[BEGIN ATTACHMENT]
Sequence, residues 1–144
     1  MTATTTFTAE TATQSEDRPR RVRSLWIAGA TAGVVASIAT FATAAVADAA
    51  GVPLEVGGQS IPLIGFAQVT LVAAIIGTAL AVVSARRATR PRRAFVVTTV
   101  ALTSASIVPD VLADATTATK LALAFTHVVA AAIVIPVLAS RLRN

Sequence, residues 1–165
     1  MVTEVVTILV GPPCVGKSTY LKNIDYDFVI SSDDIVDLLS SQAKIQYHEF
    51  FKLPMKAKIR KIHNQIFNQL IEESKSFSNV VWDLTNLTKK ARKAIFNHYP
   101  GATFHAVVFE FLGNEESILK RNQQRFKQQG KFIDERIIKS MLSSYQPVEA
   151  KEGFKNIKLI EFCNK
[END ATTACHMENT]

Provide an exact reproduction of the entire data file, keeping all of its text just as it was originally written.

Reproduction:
Sequence, residues 1–144
     1  MTATTTFTAE TATQSEDRPR RVRSLWIAGA TAGVVASIAT FATAAVADAA
    51  GVPLEVGGQS IPLIGFAQVT LVAAIIGTAL AVVSARRATR PRRAFVVTTV
   101  ALTSASIVPD VLADATTATK LALAFTHVVA AAIVIPVLAS RLRN

Sequence, residues 1–165
     1  MVTEVVTILV GPPCVGKSTY LKNIDYDFVI SSDDIVDLLS SQAKIQYHEF
    51  FKLPMKAKIR KIHNQIFNQL IEESKSFSNV VWDLTNLTKK ARKAIFNHYP
   101  GATFHAVVFE FLGNEESILK RNQQRFKQQG KFIDERIIKS MLSSYQPVEA
   151  KEGFKNIKLI EFCNK